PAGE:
Living with Crohn’s disease means dealing with periods of quietness, where there are no signs or symptoms of the disease, and experiencing debilitating discomfort at other times. Often, a Crohn’s sufferer can determine that certain triggers lead to the pain and discomfort of Crohn’s. The following are some of the most common Crohn’s disease triggers:
The connection between Crohn’s disease and stress is not completely understood. However, many physicians will tell a Crohn’s sufferer to examine stress levels, because stress can often lead to flare-ups.
- Balfour Sartor, MD, chief medical advisor at the Crohn’s and Colitis Foundation of America, said, “We know that stress can affect gut function in healthy people who do not have Crohn’s… Stress increases blood flow to the gut, which increases motility and stimulates contractions in the intestines. That leads to diarrhea and nausea.”
If stress can lead to gut dysfunction in people who do not have Crohn’s disease, it can make life a nightmare for those who are already susceptible to cramping and diarrhea.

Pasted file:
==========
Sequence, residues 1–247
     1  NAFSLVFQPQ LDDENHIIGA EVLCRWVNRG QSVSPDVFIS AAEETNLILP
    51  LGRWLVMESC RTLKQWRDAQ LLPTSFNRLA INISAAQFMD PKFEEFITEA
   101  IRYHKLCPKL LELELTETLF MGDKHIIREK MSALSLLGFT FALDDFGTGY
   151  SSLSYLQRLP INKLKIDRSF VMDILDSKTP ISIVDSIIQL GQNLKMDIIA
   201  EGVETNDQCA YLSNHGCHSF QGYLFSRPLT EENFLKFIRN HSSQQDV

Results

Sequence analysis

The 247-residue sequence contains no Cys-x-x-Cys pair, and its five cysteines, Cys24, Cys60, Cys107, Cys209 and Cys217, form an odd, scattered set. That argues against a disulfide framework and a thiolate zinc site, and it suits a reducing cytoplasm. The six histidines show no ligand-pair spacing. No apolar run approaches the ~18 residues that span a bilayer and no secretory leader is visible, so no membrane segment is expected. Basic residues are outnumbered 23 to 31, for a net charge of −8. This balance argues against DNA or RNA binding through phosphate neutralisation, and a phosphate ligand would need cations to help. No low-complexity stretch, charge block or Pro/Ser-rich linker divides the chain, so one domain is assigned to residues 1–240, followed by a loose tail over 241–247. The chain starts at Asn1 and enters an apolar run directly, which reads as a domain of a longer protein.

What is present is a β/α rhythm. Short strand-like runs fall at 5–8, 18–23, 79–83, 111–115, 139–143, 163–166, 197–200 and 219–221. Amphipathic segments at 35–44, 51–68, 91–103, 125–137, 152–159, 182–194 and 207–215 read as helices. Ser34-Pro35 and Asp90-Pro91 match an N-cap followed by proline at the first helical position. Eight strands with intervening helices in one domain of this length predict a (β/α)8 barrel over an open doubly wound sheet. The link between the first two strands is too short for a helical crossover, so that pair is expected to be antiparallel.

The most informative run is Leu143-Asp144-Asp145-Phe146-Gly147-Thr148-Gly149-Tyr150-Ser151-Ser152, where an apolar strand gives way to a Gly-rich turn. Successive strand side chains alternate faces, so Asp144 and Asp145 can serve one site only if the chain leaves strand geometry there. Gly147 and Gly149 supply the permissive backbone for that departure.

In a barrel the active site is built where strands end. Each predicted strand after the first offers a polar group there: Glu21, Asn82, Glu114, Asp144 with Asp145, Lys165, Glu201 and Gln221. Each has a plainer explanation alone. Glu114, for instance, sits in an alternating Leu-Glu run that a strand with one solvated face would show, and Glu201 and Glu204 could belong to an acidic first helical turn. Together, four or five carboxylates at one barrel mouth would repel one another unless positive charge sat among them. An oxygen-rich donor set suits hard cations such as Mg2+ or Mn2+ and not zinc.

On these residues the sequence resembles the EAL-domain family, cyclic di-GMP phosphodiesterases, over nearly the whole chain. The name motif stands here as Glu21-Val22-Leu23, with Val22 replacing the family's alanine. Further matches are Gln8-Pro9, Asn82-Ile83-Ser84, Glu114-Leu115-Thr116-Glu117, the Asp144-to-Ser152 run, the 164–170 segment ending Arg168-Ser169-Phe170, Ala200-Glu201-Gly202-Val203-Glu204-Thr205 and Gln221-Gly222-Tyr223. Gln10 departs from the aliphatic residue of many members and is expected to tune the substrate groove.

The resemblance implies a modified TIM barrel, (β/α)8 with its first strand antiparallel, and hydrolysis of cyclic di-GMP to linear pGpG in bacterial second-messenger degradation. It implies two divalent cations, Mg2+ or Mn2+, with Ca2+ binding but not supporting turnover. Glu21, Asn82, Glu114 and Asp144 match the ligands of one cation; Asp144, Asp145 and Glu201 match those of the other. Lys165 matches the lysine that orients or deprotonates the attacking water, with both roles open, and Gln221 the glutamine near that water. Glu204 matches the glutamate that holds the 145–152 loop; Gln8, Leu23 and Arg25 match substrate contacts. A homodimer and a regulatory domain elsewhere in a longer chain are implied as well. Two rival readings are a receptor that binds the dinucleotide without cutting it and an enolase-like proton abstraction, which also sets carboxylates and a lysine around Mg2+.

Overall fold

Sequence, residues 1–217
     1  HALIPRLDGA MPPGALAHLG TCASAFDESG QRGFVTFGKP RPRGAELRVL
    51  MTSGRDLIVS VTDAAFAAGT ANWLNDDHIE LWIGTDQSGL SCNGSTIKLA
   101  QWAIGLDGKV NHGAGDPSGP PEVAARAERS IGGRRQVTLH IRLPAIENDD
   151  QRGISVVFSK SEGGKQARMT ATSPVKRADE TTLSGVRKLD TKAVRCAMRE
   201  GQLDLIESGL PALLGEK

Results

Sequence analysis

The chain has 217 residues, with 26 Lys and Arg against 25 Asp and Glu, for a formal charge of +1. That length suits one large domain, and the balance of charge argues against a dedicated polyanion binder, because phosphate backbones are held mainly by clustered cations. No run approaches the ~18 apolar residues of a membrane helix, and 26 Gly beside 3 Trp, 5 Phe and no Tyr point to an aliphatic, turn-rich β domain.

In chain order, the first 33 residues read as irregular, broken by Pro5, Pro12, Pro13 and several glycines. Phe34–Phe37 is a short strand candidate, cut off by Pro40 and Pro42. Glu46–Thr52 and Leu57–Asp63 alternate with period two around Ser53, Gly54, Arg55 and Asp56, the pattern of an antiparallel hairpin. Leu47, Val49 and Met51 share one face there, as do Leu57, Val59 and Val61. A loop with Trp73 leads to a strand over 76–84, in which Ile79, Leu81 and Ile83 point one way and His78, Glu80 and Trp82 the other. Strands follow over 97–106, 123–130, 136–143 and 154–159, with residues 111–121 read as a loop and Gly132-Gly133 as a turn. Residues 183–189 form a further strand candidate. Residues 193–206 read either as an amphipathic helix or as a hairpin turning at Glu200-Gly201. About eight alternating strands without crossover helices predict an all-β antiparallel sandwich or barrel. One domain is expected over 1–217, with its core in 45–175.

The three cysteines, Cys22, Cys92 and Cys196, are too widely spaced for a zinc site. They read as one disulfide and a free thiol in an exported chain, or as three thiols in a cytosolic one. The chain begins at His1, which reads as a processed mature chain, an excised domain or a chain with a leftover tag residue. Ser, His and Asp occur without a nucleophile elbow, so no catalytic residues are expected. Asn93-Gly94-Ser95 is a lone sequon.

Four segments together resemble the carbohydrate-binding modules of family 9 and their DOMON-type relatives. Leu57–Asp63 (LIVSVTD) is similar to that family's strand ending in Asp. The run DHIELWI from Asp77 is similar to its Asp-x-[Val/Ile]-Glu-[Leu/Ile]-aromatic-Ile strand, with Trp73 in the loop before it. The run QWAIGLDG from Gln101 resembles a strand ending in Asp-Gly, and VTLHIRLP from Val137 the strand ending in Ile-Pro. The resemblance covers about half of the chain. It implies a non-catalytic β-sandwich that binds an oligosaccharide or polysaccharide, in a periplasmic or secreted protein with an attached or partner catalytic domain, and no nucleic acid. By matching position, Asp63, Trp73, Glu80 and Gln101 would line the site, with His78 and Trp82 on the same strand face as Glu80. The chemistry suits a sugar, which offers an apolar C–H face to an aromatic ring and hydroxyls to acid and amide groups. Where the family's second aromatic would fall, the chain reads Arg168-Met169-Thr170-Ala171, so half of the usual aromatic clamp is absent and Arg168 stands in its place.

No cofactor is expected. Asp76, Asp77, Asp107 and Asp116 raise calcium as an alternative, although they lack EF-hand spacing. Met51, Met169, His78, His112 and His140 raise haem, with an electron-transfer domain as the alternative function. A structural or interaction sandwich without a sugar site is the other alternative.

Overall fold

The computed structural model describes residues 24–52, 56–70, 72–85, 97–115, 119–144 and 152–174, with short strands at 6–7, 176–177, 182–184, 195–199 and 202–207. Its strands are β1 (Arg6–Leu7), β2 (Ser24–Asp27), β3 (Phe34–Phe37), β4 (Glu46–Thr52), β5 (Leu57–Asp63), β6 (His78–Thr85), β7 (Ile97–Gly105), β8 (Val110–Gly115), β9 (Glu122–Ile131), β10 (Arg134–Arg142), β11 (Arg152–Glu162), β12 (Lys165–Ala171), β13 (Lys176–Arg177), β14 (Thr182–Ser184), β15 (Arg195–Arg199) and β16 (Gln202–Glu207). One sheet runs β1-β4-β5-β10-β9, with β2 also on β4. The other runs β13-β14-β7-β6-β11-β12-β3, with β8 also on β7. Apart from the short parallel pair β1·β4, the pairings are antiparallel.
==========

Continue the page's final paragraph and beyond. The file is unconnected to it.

Smoking cigarettes often triggers flare-ups and raises the risk of one needing surgery to treat Crohn’s. Sartor said, “One theory is that smoking causes constriction of the blood vessels and leads to inadequate oxygen flow and nutrition in the intestines, which causes injury to the area.”
Medications like antibiotics, aspirin, and ibuprofen can all trigger flare-ups in Crohn’s patients. Taking antibiotics changes the balance of bacteria in the gut, which can lead to diarrhea, even in people who don’t have Crohn’s. If you have Crohn’s, consider asking your Crohn’s doctor about switching to acetaminophen or a natural, herbal remedy to relieve pain.
These are just a few Crohn’s triggers. To get an idea of the many lifestyle changes that may be needed to keep Crohn’s at bay, talk with your health care professional. He or she can help you make choices that reduce, or even eliminate, Crohn’s flare-ups.